The French Broad begins under Devil's Courthouse, on the Blue Ridge Parkway in Transylvania County NC. From there, the river flows generally northeasterly through the Appalachian Mountains for 213 miles, eventually joining with the Holston River in Tennessee to form the Tennessee River.
The French Broad is one of the most diverse fisheries in the world. The head waters of the river in Transylvania County are home to Brown Brook and Rainbow Trout with a few of the small streams containing true, Southern Strain Brook Trout. From the town of Rosman to the city of Brevard, the river is mixed with Trout, Smallmouth and Largemouth bass, and Muskellunge as well as Panfish and Course fish. From the City of Brevard to the Asheville Regional Airport, the river is mainly a Muskellunge fishery with a few Bass and Panfish mixed in. From the Airport area North to the confluence with the Holston the river is home to a world-class Smallmouth Bass fishery, along with Stripers, Walleye, Largemouth, Kentucky Spotted Bass, Blue, and Channel Catfish, White Drum, and countless other species.
The difficulty in fishing the French Broad is that the river from Brevard, all the way to Lake Douglas in TN can be muddy for days or weeks at a time, from rainfall that may occur 100 miles upstream. From the Barnard NC area north to Hot Springs, the river flows through a large gorge that contains up to class 4 whitewater rapids and should not be navigated by the inexperienced white water rower. However, the river from Brevard to Barnard is a gentle slow moving river that can be navigated by even the greenest of rowers.
Unfortunately, wading access is fairly limited on the main French Broad. The best wading access is located along River Road between Asheville and the hamlet of Alexander NC.
For the best fly fishing, the river needs to have at least 24” of visibility, for those that are using conventional tackle you only need about 10 inches of visibility to have a great day on the water.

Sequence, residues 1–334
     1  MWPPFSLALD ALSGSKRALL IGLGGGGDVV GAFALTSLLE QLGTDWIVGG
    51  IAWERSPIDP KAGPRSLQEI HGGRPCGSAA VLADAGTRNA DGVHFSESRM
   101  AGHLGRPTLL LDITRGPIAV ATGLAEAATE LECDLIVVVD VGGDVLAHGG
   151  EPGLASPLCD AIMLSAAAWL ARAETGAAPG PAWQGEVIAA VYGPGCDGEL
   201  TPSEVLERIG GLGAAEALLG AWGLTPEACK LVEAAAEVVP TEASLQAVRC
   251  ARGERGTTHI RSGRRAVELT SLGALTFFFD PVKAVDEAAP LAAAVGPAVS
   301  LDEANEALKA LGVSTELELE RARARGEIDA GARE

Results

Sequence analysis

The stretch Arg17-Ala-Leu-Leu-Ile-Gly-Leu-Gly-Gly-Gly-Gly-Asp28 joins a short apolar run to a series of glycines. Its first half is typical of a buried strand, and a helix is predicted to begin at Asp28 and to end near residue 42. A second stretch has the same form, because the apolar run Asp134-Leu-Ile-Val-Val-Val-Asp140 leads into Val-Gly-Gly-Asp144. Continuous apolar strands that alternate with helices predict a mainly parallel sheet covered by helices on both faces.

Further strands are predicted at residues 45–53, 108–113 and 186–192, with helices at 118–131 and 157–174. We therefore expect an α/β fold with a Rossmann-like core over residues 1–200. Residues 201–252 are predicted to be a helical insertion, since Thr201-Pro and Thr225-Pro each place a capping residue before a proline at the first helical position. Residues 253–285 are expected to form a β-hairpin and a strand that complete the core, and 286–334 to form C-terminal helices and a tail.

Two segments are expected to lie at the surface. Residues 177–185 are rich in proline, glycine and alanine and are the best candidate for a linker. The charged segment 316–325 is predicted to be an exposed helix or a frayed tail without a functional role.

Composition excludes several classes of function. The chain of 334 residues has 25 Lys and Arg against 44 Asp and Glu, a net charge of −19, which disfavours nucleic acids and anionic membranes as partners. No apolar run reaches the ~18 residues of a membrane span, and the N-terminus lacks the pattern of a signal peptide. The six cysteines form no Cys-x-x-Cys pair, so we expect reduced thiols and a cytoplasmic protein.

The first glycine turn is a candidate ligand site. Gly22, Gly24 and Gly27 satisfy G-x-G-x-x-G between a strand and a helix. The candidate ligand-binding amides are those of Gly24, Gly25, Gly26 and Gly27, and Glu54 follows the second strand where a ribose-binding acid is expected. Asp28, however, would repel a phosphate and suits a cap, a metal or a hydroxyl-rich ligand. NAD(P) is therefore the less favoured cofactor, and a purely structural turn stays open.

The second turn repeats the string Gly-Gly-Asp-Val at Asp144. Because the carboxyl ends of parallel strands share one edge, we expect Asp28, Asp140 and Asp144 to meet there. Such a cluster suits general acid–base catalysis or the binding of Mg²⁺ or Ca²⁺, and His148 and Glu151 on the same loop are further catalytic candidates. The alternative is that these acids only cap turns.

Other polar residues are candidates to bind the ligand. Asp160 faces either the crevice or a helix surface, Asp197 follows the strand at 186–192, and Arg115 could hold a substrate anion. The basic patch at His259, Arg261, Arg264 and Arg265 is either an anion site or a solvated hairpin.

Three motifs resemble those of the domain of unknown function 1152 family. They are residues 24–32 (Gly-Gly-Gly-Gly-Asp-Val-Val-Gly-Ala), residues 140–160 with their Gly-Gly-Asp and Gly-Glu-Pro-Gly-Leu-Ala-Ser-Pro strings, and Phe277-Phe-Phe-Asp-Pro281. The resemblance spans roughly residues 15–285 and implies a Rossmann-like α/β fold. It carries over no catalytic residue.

The Watauga River has considered one of the top-ranked tailwaters in the Southeast. Located in Eastern Tennessee, its cold clear water and endless limestone ledges make a great habitat for brook, brown, and rainbow trout. The river begins below the Wilbur Dam and flows west into Sullivan County where it reaches Boone Lake.
Fishing on the Watauga is great the entire year. This river is undoubtedly known for its 5 miles of “Trophy Trout Water, " a special regulated section only accessible by boat. Other areas of the river are accessible by utilizing public access points however, water releases from both dam structures often affect the water levels as well as the clarity of the water with little warning.
Springtime hatches of sulphurs, black caddis, and crane flies make this time of year the most productive, although trout are willing to eat throughout the summer months with terrestrial's imitations becoming the most successful patterns used. Autumn provides the next best time of year to fish the Watauga because the weather and discharges are usually very stable and dependable. Blue Winged Olives, Caddis, and little Black Stoneflies are the most popular flies for the season but don't rule out a big lifelike streamer to bring out the big boy!
The Tuckasegee River is noted as the best tailwater in North Carolina. Formed from the confluence of the East and West Fork, the cold water discharges from each Dam provides suitable habitat for brook, brown, and rainbow trout throughout most of the year. The most notable section of the Tuck is the Delayed Harvest section from the Hwy 107 Bridge west to the town of Dillsboro. This special regulated section of the river holds more fish per mile than any other river in the state during full stocking but the best fishing usually occurs from October 1st through the first Saturday in June.
Access to the Tuckasegee is along N. River Road at any gravel pull off along the river. This large body of water is great for wading and is wide open for casting however, daily generation schedules fluctuate the water levels beyond safe wading. During generation, floating in a drift boat or raft is the best option.
Typical Delayed Harvest patterns such as San Juan Worms, Eggs, and flashy bead head nymphs are go-to patterns for producing fish while caddis nymphs and small streamers always produce larger fish.
Another terrestrials that we never leave home without. Small sizes are excellent in the shoulder season and the larger sizes work best in dead of summer.